Sydney festival lauds Only God Forgives
It was booed by the critics at the Cannes Film Festival but Danish director Nicolas Winding Refn's Only God Forgives won the top prize at the Sydney Film Festival.
Jury president Hugo Weaving conceded the “visually mesmerising and disturbing film” had polarised the jury and said it was a majority decision to award the bleak drama the $60,000 Sydney Film Prize.
Icon is due to release the film, which stars Ryan Gosling, Kristin Scott Thomas and Vithaya Pansringarm, on July 18. It's described as a brutal story of betrayal, rage and redemption set in the Thai underworld.
Typifying the hostile response in Cannes, IndieWire's Eric Kohn said, “Refn stages each scene with the self-serious bleakness of a Robert Bresson picture, but applies such a cheap, one-note premise that his air quote approach to art house aesthetics reeks of student film indulgence."
“I am very honoured and extremely excited to have received this honourable award from a country that in my opinion has one of the great film histories of the world,” said Refn, who won the Sydney Film Prize for his 2009 British prison thriller Bronson.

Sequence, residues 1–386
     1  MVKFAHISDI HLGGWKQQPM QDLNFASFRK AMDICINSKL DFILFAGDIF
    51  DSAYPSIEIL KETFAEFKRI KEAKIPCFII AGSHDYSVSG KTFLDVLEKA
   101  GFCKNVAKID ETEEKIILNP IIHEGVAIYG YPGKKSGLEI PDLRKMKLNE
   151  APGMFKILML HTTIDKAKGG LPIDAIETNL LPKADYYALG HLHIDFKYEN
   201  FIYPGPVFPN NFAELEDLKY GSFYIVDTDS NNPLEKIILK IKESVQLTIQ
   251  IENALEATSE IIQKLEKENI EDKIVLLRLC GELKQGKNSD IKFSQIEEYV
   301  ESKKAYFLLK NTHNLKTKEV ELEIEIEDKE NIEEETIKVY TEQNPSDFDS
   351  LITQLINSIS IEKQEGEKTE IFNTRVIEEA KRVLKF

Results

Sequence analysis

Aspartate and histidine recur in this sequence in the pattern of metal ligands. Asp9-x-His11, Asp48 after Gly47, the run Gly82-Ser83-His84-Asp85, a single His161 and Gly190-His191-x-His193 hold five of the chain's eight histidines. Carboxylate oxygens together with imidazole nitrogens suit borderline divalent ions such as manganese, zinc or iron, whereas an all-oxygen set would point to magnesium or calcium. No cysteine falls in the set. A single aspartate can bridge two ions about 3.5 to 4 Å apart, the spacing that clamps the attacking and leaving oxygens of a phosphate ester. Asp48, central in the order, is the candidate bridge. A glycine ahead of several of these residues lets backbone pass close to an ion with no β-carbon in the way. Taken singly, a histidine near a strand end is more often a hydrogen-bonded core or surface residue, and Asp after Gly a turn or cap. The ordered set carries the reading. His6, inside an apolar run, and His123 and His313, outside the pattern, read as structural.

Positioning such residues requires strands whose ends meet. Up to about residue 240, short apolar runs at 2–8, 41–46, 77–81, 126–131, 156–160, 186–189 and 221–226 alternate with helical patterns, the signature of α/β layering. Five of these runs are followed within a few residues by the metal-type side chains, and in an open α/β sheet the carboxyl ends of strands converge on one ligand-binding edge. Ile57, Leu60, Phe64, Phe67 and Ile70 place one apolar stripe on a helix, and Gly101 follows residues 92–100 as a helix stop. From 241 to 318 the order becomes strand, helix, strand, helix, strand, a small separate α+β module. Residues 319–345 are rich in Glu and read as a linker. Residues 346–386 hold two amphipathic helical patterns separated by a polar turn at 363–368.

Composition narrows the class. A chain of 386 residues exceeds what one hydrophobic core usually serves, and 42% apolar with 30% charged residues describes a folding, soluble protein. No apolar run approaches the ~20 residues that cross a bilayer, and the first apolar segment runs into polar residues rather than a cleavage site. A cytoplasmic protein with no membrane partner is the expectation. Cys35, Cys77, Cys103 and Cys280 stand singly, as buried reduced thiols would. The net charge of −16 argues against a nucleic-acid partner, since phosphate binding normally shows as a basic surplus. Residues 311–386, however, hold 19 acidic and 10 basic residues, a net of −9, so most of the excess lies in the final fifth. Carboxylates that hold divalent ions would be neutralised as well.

Other films in competition included The Act of Killing, a powerful re-enactment of the Sumatran genocides from documentarian Joshua Oppenheimer; Dutch director Alex van Warmerdam’s comedy Borgman; The Broken Circle Breakdown from Belgian director Felix van Groeningen; Calin Peter Netzer's Romanian drama Child’s Pose; For Those in Peril, the feature debut of Scottish director Paul Wright; Australian director Kim Mordaunt’s Laos-set The Rocket ; Canadian director Sarah Polley’s Stories We Tell; and Wadjda from Saudi Arabia's first female director Haifa Al Mansour.
The jury comprised Weaving, filmmakers Anand Gandhi (India) and Pia Marais (Sweden/Germany), film critic and curator Paolo Bertolin (Italy) and Australian producer Kath Shelper.